The Unlimited Potential of Coconuts

You often hear the word “superfoods” touted around by nutritionists and dietitians alike. Yet there are some foods that stand out above all others, and the coconut is one of them. The life of coconut palms do not start and end with their edible nut either—also called the fruit or seed. In botanical terms, it’s actually a fibrous dry drupe, but we won’t worry about technicalities in this piece. What we’re going to look at here is the true versatility of coconut as a food staple and much more besides. See, there are also benefits from the tree trunks, shells and dried husks of this tropical tree of life. Keep reading to discover all that this amazing plant has to offer humans [1], [2].

The Coconut Tree of Life

The Filipinos call the coconut palm (Cocos nucifera) the tree of life—you will see why as you read down the page. In Malaysia and Indonesia they call the coconut palm “pokok seribu guna” which translates to “the tree of a thousand uses.” In South East Asia you can see pig-tailed macaques (monkeys) at work on coconut plantations. Their job is to pick the nuts for the farmers from the cultivated trees. This is a practice that has been going on now for well over 400 years [3].

The prized coconut plant delivers on five areas of life:

  1. As a valuable and nutritional food source
  2. Medicinally
  3. Clothing
  4. Housing
  5. Craft

Not so many people outside the tropics are aware of the benefits from three to five. Let’s look at those first, starting with coconut’s use for clothing.

Coconut Coir – The Eco-friendly Fabric

Coir is the stiff, coarse fiber of the coconut shell found in its outer husk. This really is an eco-friendly material, and not just because it’s natural and biodegradable. It’s also very hardwearing, provides good insulation and is rot-resistant. This means clothes made from coconut coir will last a long time. In a world of cheap throwaway fashion, this alone is good reason to invest in clothes made out of coconut fiber. Clothing is just one of many uses for this invaluable thread though.

Some of the other uses of coconut coir include:

  • Doormats
  • Furniture upholstery
  • Horticultural composts—as a peat substitute
  • Mattresses
  • Rope
  • Bags

When farmers treat coconut husks like trash—instead of a commodity—they create pollution. Thankfully, the world is waking up to such unnecessary wastage. Coconut farmers everywhere are some of the poorest in the world’s agriculture sector. It makes sense, therefore, for them to diversify and exploit their crop beyond copra and oil. There is a new wave of entrepreneurs who can see the benefits from putting waste materials into good use. Coconut husk fibers seem to have unlimited potential as a versatile and eco-friendly material [4], [5], [6], [7].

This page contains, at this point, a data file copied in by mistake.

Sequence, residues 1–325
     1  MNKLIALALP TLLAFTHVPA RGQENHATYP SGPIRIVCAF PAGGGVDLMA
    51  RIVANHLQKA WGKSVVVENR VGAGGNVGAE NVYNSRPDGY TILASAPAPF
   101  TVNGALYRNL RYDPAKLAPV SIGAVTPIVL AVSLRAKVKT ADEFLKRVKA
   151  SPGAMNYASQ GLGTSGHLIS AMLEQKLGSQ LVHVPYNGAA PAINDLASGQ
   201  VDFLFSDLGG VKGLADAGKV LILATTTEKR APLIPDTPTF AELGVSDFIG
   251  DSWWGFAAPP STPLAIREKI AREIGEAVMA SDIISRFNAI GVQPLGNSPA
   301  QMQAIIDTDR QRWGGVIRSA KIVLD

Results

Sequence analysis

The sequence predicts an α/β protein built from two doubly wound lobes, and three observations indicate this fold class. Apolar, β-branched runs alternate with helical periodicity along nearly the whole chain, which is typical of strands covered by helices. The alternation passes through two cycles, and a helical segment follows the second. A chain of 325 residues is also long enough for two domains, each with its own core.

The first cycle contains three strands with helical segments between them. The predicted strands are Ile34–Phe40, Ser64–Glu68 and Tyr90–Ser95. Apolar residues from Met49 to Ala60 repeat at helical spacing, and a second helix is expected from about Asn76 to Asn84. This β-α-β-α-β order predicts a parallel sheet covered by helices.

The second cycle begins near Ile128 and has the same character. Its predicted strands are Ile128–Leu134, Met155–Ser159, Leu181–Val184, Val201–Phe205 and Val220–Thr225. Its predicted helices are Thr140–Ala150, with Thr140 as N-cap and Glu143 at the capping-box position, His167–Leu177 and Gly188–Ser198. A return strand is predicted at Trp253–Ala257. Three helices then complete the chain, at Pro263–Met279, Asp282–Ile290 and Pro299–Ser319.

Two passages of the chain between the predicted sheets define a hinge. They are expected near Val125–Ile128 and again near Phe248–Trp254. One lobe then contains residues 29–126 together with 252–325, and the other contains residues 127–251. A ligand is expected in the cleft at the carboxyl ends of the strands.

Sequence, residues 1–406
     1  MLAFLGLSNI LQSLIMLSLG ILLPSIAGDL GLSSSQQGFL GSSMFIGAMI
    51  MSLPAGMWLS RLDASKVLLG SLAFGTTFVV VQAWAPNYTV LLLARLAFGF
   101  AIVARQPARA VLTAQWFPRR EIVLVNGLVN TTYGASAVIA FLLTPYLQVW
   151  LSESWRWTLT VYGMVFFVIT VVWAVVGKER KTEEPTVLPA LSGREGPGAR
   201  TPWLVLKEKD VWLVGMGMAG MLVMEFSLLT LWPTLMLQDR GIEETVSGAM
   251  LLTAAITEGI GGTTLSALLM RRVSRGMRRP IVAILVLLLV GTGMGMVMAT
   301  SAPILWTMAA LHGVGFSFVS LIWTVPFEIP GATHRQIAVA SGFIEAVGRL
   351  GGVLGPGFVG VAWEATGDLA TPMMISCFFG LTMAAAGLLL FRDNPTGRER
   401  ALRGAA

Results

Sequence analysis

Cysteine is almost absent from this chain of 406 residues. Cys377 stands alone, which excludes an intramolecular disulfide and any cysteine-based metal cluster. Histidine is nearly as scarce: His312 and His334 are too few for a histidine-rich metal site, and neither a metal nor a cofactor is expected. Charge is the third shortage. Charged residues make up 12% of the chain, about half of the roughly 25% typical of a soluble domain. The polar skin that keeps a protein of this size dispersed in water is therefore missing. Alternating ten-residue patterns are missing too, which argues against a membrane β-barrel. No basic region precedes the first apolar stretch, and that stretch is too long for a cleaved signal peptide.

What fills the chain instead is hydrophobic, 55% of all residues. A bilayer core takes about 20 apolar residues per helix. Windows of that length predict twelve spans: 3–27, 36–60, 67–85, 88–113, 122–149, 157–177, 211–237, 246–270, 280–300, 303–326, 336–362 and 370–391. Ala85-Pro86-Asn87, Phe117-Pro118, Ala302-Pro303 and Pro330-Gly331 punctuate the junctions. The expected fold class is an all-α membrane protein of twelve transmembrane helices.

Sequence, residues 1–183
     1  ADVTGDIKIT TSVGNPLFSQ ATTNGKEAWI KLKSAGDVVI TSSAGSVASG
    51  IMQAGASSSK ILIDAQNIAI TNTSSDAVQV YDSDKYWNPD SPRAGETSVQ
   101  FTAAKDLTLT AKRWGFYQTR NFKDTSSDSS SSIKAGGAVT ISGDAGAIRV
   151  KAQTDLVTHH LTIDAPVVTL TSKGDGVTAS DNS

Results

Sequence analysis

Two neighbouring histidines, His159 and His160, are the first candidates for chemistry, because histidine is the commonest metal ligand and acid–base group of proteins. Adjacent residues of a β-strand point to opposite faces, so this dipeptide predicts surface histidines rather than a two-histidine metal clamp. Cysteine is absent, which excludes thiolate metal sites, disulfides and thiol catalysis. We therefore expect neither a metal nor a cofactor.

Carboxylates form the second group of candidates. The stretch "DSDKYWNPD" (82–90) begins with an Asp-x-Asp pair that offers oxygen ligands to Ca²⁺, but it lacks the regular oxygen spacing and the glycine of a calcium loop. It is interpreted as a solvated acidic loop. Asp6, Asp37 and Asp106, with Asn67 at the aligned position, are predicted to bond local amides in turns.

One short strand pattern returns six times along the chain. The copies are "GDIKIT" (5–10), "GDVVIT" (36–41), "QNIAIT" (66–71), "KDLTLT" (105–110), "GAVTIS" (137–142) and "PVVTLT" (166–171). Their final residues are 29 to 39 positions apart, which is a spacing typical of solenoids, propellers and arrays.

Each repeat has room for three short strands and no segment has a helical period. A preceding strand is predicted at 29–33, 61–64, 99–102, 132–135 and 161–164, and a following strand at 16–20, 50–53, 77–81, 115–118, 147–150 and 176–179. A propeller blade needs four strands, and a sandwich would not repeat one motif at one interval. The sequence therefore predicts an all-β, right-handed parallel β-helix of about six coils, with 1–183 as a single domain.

Coconut Wood – Timber from the Trunks

The older mature coconut palm trunks make great lumber. In fact, coconut timber is a decent hardwood alternative. Its uses range from construction and furniture to charcoal and chemical use, such as activated carbon. Not all palms are equal, though, so the use of the wood will depend on the variety. The leafy part of the coconut palm, called the fronds, makes great thatch for roofs and matting for floors and walls. Another popular use of the fronds is to produce effective sunshades [8].

Coconut Shells

The coconut shells are the toughest part of the coconut fruit, and they don’t go to waste either. People use them for a whole range of things such as eating bowls and cups, or as plant pots. Other uses include light shades, candle holders various high-end goods. Coconut shells can also provide charcoal and granular activated carbon. And finally, there’s the coconut shell powder—used as a type of industrial filler [9].

Coconut Dried Husks

Dried coconut husks (the mesocarp) also have their use. They are perfect as a biomass fuel used for cooking and as a fuel source for campfires. You can even find this material in paddleboards. It’s attractive because it’s an eco-friendly material, but it’s more than just that. The husks really do help to produce strong, light paddleboards, which are great for exercise by the way [10], [11].

Common Uses for Coconut Products

As you can see from above, the uses for coconut products seems to have no limits. Researchers are finding new ways to exploit the various parts of this amazing palm all the time. You can probably understand now why it has names like “the tree of life,” and “the tree of a thousand uses.” There’s nothing much to compete with it.

You are probably familiar with the coconut’s use as a healthy food staple and for its various medicinal applications. These more regular uses of coconut products include:

  • Copra: the meat or flesh of the coconut used in recipes
  • Coconut sugar: available in syrups, pastes and nectars or granules and dry blocks
  • Coconut oils: a nutritious food staple, and for medicinal and beauty uses
  • Coconut juice or water: a refreshing, hydrating drink straight out of the coconut
  • Coconut cream: as an ingredient for various dishes, particularly in Asian cooking
  • Coconut milk: thinner than cream (more water content) a basis for Thai curries

We have detailed articles which cover all the above in some details. Please enjoy the site and explore the wonderful world of this remarkable tropical palm tree. Prepare to be amazed.



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About Coconut Health

Hi, my name is Susan and over the past few years, stories on health especially natural ways to heal have fascinated me. This site was set up to explore the research, stories and health possibilities of coconuts. Feel free to contact me if you have suggestions, questions or to tell me your story!